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Scientifica
Volume 2016, Article ID 5269815, 6 pages
http://dx.doi.org/10.1155/2016/5269815
Research Article

The Role Descriptions of Triage Nurse in Emergency Department: A Delphi Study

1Department of Emergency Medicine, Imam Reza Hospital, Mashhad University of Medical Sciences, Mashhad 9137913316, Iran
2Evidence-Based Caring Research Center, Department of Medical-Surgical Nursing, School of Nursing and Midwifery, Mashhad University of Medical Sciences, Mashhad 9137913199, Iran
3Research Center for Health Services Management, Institute for Futures Studies in Health, Kerman University of Medical Sciences, Kerman 7616913555, Iran
4Department of Medical-Surgical Nursing, Faculty of Nursing and Midwifery, Bam University of Medical Sciences, Khalije Fars Boulevard, Bam, Kerman 7661771967, Iran

Received 2 December 2015; Accepted 19 April 2016

Academic Editor: Toomas Timpka

Copyright © 2016 Mohsen Ebrahimi et al. This is an open access article distributed under the Creative Commons Attribution License, which permits unrestricted use, distribution, and reproduction in any medium, provided the original work is properly cited.

Abstract

Background. Triage nurses play a pivotal role in the emergency department. However some researchers have attempted to expand triage nurse’s role; remarkable discrepancies exist among scholarly communities. The aim was to develop a role description of triage nurse relying on the experts. Methods. A modified Delphi study consisting of 3 rounds was performed from March to October 2014. In the first round, an extensive review of the literature was conducted. Expert selection was conducted through a purposeful sample of 38 emergency medicine experts. Results. Response rates for the second and third rounds were 37% and 58%. Average age of panelists was () years. Thirty-nine out of 54 items reached to the final round. Prioritizing had the higher agreement rate and least agreement on triage related interventions. Conclusion. Triage nursing as a relatively new role for nurses needs significant development to be practiced. Comprehensive educational programs and developmental research are required to support diagnostic and therapeutic interventions in triage practice by nurses.

1. Introduction

Triage is defined as prioritizing or sorting the patients for the care and treatment that is due to shortage of the necessary resources in the emergency department (ED) [1]. Several studies have focused on the validity and reliability of triage scales [2, 3] and assessed agreement between nurses and physicians [4, 5]. Factors which affect triage practice were also studied [6]. Some studies have explored triage nurse’s daily job activities as well as how they decided to allocate patients to triage categories [7, 8] but researchers rarely try to describe triage nurse job.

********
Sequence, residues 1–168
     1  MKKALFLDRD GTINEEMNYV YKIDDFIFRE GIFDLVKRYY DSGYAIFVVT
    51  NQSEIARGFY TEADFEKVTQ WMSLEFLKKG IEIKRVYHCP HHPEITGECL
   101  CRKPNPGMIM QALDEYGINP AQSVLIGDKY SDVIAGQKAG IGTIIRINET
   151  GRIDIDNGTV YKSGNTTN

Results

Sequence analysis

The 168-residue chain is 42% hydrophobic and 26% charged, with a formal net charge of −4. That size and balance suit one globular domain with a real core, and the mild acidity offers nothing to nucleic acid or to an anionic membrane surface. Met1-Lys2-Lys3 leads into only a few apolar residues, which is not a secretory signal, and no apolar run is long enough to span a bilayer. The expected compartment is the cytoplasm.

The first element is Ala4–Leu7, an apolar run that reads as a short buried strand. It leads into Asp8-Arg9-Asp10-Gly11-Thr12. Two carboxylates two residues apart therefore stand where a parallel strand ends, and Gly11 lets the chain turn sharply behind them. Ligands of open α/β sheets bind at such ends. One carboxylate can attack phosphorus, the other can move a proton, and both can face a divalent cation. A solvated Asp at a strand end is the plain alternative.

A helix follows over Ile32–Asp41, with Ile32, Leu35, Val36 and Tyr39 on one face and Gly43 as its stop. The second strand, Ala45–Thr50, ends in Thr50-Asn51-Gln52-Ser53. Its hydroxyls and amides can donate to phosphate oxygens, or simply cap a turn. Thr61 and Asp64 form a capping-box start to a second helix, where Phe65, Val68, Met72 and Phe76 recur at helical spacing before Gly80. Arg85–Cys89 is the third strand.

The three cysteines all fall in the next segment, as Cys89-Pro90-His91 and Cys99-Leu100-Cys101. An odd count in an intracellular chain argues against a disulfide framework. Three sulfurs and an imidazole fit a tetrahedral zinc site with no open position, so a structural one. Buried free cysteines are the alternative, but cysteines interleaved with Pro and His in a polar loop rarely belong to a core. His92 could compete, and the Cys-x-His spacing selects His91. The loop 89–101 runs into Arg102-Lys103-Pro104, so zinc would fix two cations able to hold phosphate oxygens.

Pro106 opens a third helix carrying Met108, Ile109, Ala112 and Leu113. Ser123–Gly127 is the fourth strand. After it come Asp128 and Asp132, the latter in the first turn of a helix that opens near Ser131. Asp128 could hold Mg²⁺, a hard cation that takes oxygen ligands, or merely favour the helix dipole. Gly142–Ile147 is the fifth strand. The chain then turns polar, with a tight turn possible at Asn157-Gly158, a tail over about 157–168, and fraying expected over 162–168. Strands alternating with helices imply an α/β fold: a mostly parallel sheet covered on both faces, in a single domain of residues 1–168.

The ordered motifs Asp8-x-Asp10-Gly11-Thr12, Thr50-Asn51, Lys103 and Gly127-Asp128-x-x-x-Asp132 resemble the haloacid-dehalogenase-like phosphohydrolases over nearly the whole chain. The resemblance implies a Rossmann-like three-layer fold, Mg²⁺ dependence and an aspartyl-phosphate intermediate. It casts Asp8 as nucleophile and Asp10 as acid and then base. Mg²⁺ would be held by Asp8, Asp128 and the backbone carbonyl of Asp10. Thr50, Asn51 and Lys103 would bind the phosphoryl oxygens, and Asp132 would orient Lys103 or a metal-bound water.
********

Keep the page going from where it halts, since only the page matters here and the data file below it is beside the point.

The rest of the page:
In response to overcrowding, some studies tried to explain increased efficiency of triage process regarding expanding physician and nurses roles in the triage room [912] in which placing a senior emergency physician with the triage nurse reduced waiting times for nonemergent cases [10] so the concept of team triage has been evolved. Of course, it is clear that it is not possible for most EDs to have a senior emergency physician in the triage room. In order to customize patient flow more consciously and despite high satisfaction among staff and patient, initiating X-rays by triage nurses did not reduce transit times for patients with limb injuries in ED [13]. In contrast, some studies have indicated triage nurse ordering seems to be an effective intervention to reduce ED length of stay in patients with injuries [11]. Therefore findings revealed that triage nurses’ role is challenging in the ED.

Role description is designed to guarantee the best possible performance by employees. In this way, the emergency associations have tried to develop position statement to define triage nurse role in order to secure patient safety in triage room. All associations have indicated that triage must be performed at least by a registered nurse. Despite remarkable discrepancies among statements, triage nurses are required to perform prioritizing of the patient care, take educational programs, and provide a safe environment as well as interpersonal qualifications needed to fulfill this role [1417]. However, only the Emergency Nurses Association (ENA) has comprehensively indicated several educational programs (CPR, ALS, ENPC, TNCC, GENE, CEN, and CPEN) in addition to other triage educational programs [14]. Furthermore interpersonal qualifications including interpersonal, interdisciplinary, critical thinking, and communication skills as well as accurate decision making have been stated by several emergency associations [1417]. However advanced practice nursing roles have been recommended to improve patient flow through the ED [18]; advanced practice nursing roles have been rarely addressed by emergency associations. Even the Royal College of Nursing has indicated triage related interventions such as administrating analgesia [17], so it concluded that role description of triage nurse suffered from lack of an integrated approach. There is a strong possibility that it also affects the reliability and validity of decisions among triage nurses in the ED.